Disturbing the Peace

By Ted Spoon on September 6, 2012
Disturbing the Peace
When you fought Tony Zale you didn’t leave the ring without at least some mental scarring.

Soose was largely unmarked, and everyone noticed the dearth of silver in his hair when boxers from the same era were on welfare, or dead…

For a competition that allows you to belt seven bells out of your opponent boxing can be pretty intolerant. Shoving will quickly get you in the referee’s bad books, demanding the bigger cut is a sure way to have a bout fall through, and if you underperform you can expect that future check to have a couple of zeros knocked off it. 

That doesn’t prevent you from being a nuisance.

This writer isn’t one for fate, but the brief career of Billy Soose caused such a stir that it may have been designed purely to annoy. Four years is nowhere near sufficient to capture greatness, but having jumped in at 22, WWII tickled his moral sense of duty and he volunteered for the Navy at 26.

Over bumpy terrain Tony Zale and Ken Overlin were slowly but surely on their way to resolving a confused middleweight division. The rib-buster from Indiana and the workaholic from Illinois had oozed sweat and blood for their craft. It wasn’t going to be long until they settled their differences. Instead, Soose came along and beat the pair of them inside a month. 

This led to “an unprecedented situation in the middleweight division” where all the top dogs had suffered defeat but nobody held the gold. And shortly after Soose had got his hands on the NYSAC title he was reaching for maritime uniform.

They say it’s near impossible to ditch a reputation once you get yourself one and Billy’s untimely brilliance was up to no good many moons before mixing it with the ruffians of the pro circle. 

Not far from home was an abandoned school. Desks, pencils and a cane-happy teacher used to grace the interior. A ring and a few punch bags helped revive the dusty setting. Young Billy took one look at the basic set-up and heard his name being announced. 

At first he was simply not old enough to receive proper training. This is where 90% of other children would bellow that life isn’t fair. Rather than drag his feet he exhibited the positive patience that was to get the better of many opponents and helped with simple duties. There was little heckling as the enthusiastic junior went about his business and Billy became something of a mascot.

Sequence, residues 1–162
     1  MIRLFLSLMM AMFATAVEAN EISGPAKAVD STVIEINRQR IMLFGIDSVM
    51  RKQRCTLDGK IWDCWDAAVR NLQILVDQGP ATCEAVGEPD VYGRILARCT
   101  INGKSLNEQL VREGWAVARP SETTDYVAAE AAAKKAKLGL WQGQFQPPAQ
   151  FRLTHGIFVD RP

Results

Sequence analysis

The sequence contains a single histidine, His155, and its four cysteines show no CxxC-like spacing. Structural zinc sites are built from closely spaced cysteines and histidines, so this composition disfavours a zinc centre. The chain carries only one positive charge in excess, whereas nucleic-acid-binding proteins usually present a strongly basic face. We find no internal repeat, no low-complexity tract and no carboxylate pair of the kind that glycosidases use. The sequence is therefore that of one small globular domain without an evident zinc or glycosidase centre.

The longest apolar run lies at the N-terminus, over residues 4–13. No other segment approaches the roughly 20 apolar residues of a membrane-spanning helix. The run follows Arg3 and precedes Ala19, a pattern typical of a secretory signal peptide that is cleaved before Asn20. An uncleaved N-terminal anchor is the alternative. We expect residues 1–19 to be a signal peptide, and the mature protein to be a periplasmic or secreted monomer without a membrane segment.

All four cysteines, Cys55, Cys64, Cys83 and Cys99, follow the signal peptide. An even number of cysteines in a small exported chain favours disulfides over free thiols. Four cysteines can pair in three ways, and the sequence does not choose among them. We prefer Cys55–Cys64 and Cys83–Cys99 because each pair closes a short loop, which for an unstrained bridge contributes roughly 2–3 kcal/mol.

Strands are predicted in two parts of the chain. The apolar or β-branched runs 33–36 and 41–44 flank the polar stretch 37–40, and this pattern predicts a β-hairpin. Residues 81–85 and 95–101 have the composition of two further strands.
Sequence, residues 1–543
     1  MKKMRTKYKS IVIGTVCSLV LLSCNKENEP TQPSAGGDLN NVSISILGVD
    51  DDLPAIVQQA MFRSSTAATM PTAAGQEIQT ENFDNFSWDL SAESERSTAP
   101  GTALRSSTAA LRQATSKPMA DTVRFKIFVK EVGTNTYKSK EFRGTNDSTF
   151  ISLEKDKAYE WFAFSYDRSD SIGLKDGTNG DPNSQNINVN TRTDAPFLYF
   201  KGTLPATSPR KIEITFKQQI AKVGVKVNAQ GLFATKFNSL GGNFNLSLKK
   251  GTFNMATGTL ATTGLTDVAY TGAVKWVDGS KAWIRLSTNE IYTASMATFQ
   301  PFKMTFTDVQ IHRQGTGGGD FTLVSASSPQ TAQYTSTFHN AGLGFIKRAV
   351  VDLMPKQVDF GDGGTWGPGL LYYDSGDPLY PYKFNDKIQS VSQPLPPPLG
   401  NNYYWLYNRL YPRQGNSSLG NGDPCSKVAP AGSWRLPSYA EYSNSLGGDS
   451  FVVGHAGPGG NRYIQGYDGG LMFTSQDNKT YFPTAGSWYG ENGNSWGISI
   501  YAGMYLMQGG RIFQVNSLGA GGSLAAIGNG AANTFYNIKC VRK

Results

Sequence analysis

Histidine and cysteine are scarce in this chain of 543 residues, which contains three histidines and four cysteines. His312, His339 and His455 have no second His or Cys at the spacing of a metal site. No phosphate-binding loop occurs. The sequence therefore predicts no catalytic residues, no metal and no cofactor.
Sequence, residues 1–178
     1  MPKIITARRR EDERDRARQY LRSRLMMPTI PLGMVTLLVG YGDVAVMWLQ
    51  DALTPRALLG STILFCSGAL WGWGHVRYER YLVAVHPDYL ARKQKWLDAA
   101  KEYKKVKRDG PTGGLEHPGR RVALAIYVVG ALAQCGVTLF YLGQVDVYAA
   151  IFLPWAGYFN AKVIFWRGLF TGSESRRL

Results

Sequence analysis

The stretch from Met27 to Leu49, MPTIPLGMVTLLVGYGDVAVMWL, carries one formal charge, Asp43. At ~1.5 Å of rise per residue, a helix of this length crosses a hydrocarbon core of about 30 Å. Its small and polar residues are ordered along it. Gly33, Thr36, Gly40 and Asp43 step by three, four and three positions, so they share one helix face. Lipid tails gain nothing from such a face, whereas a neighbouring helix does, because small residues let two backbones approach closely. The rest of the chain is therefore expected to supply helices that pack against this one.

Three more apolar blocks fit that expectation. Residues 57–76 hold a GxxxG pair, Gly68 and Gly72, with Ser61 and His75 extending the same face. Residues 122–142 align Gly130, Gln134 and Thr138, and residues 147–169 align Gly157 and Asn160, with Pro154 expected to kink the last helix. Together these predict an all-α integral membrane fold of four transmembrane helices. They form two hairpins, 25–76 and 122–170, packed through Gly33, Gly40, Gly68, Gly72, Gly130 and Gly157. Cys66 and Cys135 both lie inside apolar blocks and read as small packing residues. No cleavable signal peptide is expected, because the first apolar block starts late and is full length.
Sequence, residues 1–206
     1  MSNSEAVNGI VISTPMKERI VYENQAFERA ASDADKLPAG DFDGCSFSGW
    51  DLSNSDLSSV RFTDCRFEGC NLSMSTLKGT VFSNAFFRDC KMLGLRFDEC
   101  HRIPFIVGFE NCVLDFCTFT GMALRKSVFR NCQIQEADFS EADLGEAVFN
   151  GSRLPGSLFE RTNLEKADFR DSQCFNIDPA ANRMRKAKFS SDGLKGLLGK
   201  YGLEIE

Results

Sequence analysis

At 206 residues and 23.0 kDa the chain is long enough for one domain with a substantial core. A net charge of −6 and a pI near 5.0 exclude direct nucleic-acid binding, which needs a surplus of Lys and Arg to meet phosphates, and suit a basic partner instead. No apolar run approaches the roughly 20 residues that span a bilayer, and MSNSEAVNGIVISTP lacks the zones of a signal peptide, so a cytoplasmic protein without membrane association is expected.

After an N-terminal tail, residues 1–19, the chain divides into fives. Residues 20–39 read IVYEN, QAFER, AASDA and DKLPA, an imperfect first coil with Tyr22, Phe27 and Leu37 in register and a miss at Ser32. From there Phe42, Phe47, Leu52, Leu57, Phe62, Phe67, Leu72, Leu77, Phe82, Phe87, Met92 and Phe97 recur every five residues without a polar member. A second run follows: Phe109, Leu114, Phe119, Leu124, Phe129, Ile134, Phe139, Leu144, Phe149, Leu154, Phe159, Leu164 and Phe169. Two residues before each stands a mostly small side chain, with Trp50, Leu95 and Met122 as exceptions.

Soon enough “he was spending more time punching the bags than doing his chores.”

At 13 he got his precious chance to show everybody if he possessed the tools to match his zeal.

The short answer was yes.

In a 188-fight amateur career Soose had opponents falling over themselves trying to pin him down, and when enough muscle had developed everybody made it a point to avoid the right cross. Sixteen bouts (all won by KO) were completed on his way to becoming Pennsylvania’s NCAA middleweight champion.

So dominant had Soose been that he officially inducted himself into the school of being too good for your own good. Several fighters complained as a theory of an unfair advantage spread like the Black Death. The NCAA agreed and in ’38 they passed a rule which is still known today as the ‘Soose Rule’ to prevent bouts occurring between boxers with sizeable differences in pedigree. 

This little detail not only shoved Soose into the professional ranks, but it nicely buffered his profile. Thousands of fans where there to witness his induction into the big league. Things were much more daunting but Billy casually picked up where he had left off. 

That reputation for punching was rife in just his first five contests. Jimmy Brent managed to complete four rounds, but it cost him six trips to the canvas.

What happened next was to profoundly affect Soose. 

Al Quaill was one of those deep-fried scrappers who find satisfaction, not in winning, but in making life difficult. Flooring Billy would’ve sufficed but after 10 rounds the very promising boxer from Farrell had ruptured a tendon in his right hand. Big pots of money were raised for sequential operations but the pain didn’t subside. Billy had lost his money maker.     

Far from a meek injury, “From then on, I got a terrific pain in my neck every time I landed a solid right hand.”

The left became his saving grace, but similar to a blind man who must rely on his hearing, Billy compensated with newfound proficiency.

Before he discovered his groove there were back-to-back losses. Johnny Duca registered the first and a certain Charley Burley was accountable for the second. Newspapers were partial towards Soose, but anyone half-conscious was aware of Burley’s unusual mastery.

None other than Ray Arcel was sceptically at hand to improve a slim chance of winning. As expected, Burley was the more accurate and imposing boxer, ultimately that is. The official tally was five rounds to Burley, three to Soose and two even. Billy fought hard in the last stanza, desperately trying to relay to the ebony whiz that he was no steppingstone. Once back in the dressing room tears ran down his moon face. Arcel couldn’t believe what he was seeing. 

“What the hell are you crying about? You just lost a split decision to one of the greatest fighters in the world; a fighter nobody wants to fight and you fought him with one hand. What if you had two good hands?” 

It’s impossible to answer, but what didn’t kill Soose made him stronger, and Johnny Duca found this out next year. The future was, at the worst, uncertain, but more emotional hurdles were on the way.

In boxing it is close to a rule that somewhere along the road a fighter will appear who is incredibly uncooperative; rematches don’t solve the problem, and for Soose that man was Georgie Abrams. They fought thrice and Soose lost every time. With a healthy right hand it’s possible Billy could have beaten some respect into the determined slugger, but that’s another what-if.

After the second loss Billy seriously questioned his will to continue. The money wasn’t great, and clenching his fist only served as a reminder that he could never be 100%. Recalling that he hadn’t finished his education, the ring started to feel more like a phase than a calling, but Billy stayed put for the interim. He was wise to do so.